Thursday 11 April 2013

Forget the Tower of Hanoi: A new ecologically valid test of executive function

Here’s a problem I encountered the other day.

I’d left my keys at home (a bad start). But I’ve learned to arrange life to allow for cognitive failures, and I knew there was a spare key in the keybox in my PA’s office.

My PA was on holiday, and her door was locked, but I was not foiled by this because there’s a spare key to her room in another keybox (#2) outside her door.

Both keyboxes have numeric codes, but codes for the keyboxes have been set to be memorable, even by someone with a barely functioning hippocampus.

So I managed to get into my PA’s office, extract key for my office, lock up her office, enter my office, and do a full day’s work.

It was going in the other direction, restoring my office key to the keybox, that proved challenging.

Before you read on, you might want to give your frontal lobes a little work-out: what should the correct sequence of events be?

Well, here’s what I did:

1.    Go down corridor to keybox to retrieve key to PA’s office. Unable to read the number codes without spectacles.
2.    Return to my office to get spectacles. Open keybox. Release key to PA’s office. Enter office.
3.    Open keybox #1.
4.    Put key in keybox and lock keybox.
5.    Find myself outside door of PA office attempting to lock the door with wrong key .
6.    Re-open keybox #1 and extract key to PA office.
7.    Put my office key in keybox #1 and lock keybox.
8.    Lock door to PA office.
9.    Return key to PA office to keybox #2.
10.    Return to my office to pack up computer and stuff, only to realise….
          I had failed to lock my office door.


But to look on the bright side: I realise I’ve discovered a real-life version of the Tower of Hanoi.

Friday 5 April 2013

A short rant about numbered journal references

Well, I had not planned a blogpost this morning, but I am goaded to do so by growing frustration as I attempted to read a review that was published in Trends in Neurosciences. The authors were proposing a novel theory in a controversial area, and came out with definitive statements, such as “Imaging studies have revealed the involvement of brain regions including the basal ganglia and cerebellum”. Quite appropriately, they supported such assertions with references. But the journal format meant that these references were identified only by numbers, so I had to flip to the reference list at the back of the paper to find out what was being referred to. The paper had over 70 references, and in the course of reading it, I reckon I did this about 20 times. I would have done it more, but it was distracting and I had to put down my mug of tea each time while I hunted for the relevant page. If I forgot the number on the way (a not unusual occurrence at my age), I had to go through this loop again.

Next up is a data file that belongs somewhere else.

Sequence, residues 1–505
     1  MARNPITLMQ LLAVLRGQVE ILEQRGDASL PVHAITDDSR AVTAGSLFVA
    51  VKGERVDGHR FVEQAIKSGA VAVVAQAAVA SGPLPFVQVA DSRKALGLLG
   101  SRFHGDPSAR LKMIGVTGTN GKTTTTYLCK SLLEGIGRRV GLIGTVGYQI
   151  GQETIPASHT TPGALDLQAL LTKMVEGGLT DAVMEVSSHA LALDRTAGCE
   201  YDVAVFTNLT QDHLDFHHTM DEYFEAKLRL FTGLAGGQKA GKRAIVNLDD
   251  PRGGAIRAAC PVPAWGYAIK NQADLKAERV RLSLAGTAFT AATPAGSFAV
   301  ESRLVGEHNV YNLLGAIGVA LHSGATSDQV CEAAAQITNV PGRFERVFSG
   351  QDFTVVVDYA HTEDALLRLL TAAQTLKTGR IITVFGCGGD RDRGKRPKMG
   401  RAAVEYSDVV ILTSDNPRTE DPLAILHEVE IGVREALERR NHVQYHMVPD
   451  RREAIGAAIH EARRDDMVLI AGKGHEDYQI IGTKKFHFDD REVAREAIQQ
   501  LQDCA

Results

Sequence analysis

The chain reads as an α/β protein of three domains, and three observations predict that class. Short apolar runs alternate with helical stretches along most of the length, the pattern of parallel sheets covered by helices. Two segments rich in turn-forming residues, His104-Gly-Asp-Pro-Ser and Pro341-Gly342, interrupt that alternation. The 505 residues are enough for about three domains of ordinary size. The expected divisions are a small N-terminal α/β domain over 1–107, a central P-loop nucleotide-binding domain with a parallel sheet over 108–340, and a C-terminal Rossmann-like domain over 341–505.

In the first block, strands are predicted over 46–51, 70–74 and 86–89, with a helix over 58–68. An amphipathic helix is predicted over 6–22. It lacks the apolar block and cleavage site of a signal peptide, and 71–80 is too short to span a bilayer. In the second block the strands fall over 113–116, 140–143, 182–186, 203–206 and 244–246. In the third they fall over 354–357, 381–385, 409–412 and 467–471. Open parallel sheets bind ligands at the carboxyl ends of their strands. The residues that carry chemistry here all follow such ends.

Needless to say, TINS is not alone in adopting this referencing format: it is especially common in journals that have strict length limits on papers. I recently had a paper accepted for such a journal, and I found that any mention of the authors of a referenced work was frowned upon, and I was required to rewrite so that the only identifier of a reference was the number.This often meant turning a short active sentence (Jones [54] showed that.X..) into a longer passive one ( X was found by another study ... [54]).

Why does this matter? Well, if the reader knows the topic pretty well, the referencing will indicate whether the author knows the relevant literature and whether the evidence that is cited is balanced or involves cherrypicking. References also give clues as to where to allocate one's attention. If I see a set of statements associated with a list of familiar names,  I can read more casually because I already know the subject matter; if there is reference to novel material, I’ll focus in more depth. Maybe this is just an obsessive tendency in me, but I want to know what is being referred to, and I find that numbered referencing impairs the readability of an article. Journals may save a bit of space by using numbers rather than names, but as more and more articles move to on-line only, this is not a major consideration, and what is gained in space is at the expense of the reader experience. Hrrmph!

P.S. 13.52 5/4/13
Thanks to Neil Martin (@ThatNeilMartin) for drawing my attention to this v. relevant article. Might explain why psychology journals, whose editors understand how cognition works, tend to prefer the non-numbered system.
Clauss, M., Müller, D., & Codron, D. (2013). Source References and the Scientist's Mind-Map: Harvard vs. Vancouver Style Journal of Scholarly Publishing, 44 (3), 274-282 DOI: 10.3138/jsp.44.3.005
Copy of the article available from the 1st author: